Draft 2: After three clueless attempts to find Union Station from the hotel, Veronica finally convinced the cab driver to call dispatch for directions. Despite the lameness of the cabbie and the nauseating odor inside the vehicle, her overly polite upbringing caused her to feel obligated to tip the man. That is, until he pulled her bag out of the trunk, slammed it into the curb, and broke off a back wheel.

“What an IDIOT,” she yelled, pulling her three-wheeled suitcase through the station on her way to platform 7. “I’ll miss the train.” All eyes, including the conductor’s, turned toward the long-legged woman with the fog-horn voice.

Yes, lots of possibilities. But, let’s get back to the woman in the beige suit. 

Draft 3: Jeanette was familiar with the long walk down platform 7 to her seat in the third car from the rear of the Pacific Surfliner, train 769. Too familiar. She’d walked it every Thursday for three years now, exactly. Today, their anniversary. She wore the suit, the beige one she had on the first time they met. Jerry spotted her and flashed his generous smile. She waved. It didn’t matter that the wheels on her suitcase chose to protest this rendezvous. Jerry would hold the train for her, like he did every Thursday.

Bingo!

Oh the joy of making up stuff. Thank you John, my mentor and friend, for inviting me to your blog.

The Art of Writing

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The way certain authors capture a feeling, or a place is, to me, pure art.

1877-winslow-homer-the-new-novel

 

We all know it when we read it. We’ve finished a story and been transported. We’ve delighted in the carefully honed prose and marveled at how the piece speaks to our soul. We can’t stop thinking about it, and know it has transformed our reading preferences from that day on. A masterpiece.

What is it that causes some writing to transcend from craft to an art form? In my opinion it’s because the authors are true artists and their brush strokes are put down in perfectly honed word combinations. A skilled writer imparts rhythm, tone, and flow to carry the reader along on waves of tension and release. He plays with voice and word choice and irony. He loves language and can step outside himself to play with his muse.

I enjoy a lot of authors, and when asked who my favorite is, my answer comes more from my heart than my brain. And it differs each time I’m asked. Sometimes I answer, Ray Bradbury, the man whose prose read like poetry and ideas fill the senses. I think of him as the literary equivalent to the artist Wassily Kandinsky.

“Outside the window, in the instant before she vanished, Susan saw the green land and the purple and yellow and blue and crimson walls and the cobbles flowing down like a river, a man upon a burro riding into the warm hills, a boy drinking Orange Crush, she could feel the sweet liquid in her throat, a man standing under a cool plaza tree with a guitar, she could feel her hand upon the strings, and, far away, the sea, the blue and tender sea, she could feel it roll over her and take her in.” ―Ray Bradbury, The Fox and the Forest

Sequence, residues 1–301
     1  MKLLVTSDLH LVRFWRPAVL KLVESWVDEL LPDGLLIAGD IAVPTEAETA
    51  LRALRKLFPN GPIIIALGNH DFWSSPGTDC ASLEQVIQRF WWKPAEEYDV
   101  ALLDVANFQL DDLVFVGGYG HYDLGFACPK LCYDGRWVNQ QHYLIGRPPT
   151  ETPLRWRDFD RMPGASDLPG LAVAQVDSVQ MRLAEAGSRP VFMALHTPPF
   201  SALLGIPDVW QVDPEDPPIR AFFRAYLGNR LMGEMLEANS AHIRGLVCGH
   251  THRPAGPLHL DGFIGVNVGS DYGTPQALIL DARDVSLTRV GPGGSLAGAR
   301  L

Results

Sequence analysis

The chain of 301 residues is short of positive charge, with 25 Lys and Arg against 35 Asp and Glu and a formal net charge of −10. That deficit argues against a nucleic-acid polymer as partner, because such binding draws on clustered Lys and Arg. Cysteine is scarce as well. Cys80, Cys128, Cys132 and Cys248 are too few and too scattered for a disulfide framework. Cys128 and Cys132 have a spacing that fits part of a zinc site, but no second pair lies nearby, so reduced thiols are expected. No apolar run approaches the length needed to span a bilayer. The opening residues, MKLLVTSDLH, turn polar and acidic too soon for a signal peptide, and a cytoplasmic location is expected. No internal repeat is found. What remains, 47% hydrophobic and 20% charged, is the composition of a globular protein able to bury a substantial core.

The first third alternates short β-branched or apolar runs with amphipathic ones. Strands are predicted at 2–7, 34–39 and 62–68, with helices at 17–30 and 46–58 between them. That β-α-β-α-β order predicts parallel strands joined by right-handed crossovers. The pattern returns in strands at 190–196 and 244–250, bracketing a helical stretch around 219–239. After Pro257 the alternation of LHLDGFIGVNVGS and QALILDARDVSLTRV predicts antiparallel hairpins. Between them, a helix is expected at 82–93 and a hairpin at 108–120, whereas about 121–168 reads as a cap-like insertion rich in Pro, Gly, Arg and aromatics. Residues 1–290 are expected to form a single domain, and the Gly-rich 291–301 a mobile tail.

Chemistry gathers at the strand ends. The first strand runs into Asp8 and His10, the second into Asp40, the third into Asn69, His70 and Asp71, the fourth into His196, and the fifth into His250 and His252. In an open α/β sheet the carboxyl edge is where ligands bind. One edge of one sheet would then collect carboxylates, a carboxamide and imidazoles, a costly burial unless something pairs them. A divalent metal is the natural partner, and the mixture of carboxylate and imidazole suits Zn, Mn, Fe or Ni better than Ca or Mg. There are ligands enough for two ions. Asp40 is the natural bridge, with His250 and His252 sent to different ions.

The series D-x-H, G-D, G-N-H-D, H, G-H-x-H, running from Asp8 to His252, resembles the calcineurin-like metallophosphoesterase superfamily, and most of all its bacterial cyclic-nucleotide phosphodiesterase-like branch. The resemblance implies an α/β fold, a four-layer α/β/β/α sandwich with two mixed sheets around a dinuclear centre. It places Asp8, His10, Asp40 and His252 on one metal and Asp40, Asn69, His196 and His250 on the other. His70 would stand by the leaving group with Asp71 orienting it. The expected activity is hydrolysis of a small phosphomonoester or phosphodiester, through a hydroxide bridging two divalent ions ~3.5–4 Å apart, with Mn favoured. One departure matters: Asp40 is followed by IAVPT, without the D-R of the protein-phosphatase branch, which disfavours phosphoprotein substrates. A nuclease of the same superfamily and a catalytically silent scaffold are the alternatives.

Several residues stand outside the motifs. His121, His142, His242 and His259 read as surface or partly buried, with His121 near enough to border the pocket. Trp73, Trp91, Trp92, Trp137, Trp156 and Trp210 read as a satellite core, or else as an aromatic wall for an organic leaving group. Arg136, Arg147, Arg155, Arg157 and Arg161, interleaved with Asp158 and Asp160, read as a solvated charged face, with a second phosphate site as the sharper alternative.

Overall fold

Sometimes I blurt out Pat Conroy’s name. His love of words continually enthralls me. His images are as memorable as a Winslow Homer piece. Just look at the first two sentences of The Prince of Tides. Those 13 perfect words set the promise of a great story.“My wound is geography. It is also my anchorage, my port of call.” 

I imagine you’re already thinking about your favorite literary work of art. Bellow? Updike? J.K. Rowling?

How about T.C. Boyle? I’d compare his obvious joy of writing and his wickedly creative use of satire, at times raw and moody, to Lucian Freud’s portraits. Here’s a snippet from Boyle’s short story Heart of a Champion.

“Night: the barnyard still, a bulb burning over the screen door. Inside, the family sit at dinner, the table heaped with pork chops, mashed potatoes, applesauce and peas, a pitcher of clean white milk. Home-baked bread. Mom and Dad, their faces sexless, bland, perpetually good-humored and sympathetic, poise stiff-backed, forks in midswoop, while Timmy tells his story: ‘So then Lassie grabbed me by the collar and golly I musta blanked out cause I don’t remember anything more till I woke up on the rock―’” 

Okay, okay, I’ll stop with the samples, but now I’m imagining how wonderful it would be to have a museum section in our local bookstores and libraries that pairs the fine art of literature to their visual counterparts―and serves fine wine with gourmet chocolates.

I’d love to hear about your favorite literary piece of art.

 

The Perfect Profession for a Control Freak

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control-freak_thumbA while ago I wrote a guest blog for Jersey Girl Book Review, and thought I’d share it again, here.

Control freaks come in all shapes and sizes. The calculating boyfriend who thinks he needs to control his girl’s life, the mother who micro-manages her kids every second of every day, or the shrieking wife who thinks the husband can’t do anything right.

They even have lists of the best professions for control freaks. Military Officer, Surgeon, Accountant, and Air Traffic Controller are at the top. No one consulted me, but had they, my number-one-top-of-the-list would be Fiction Writer.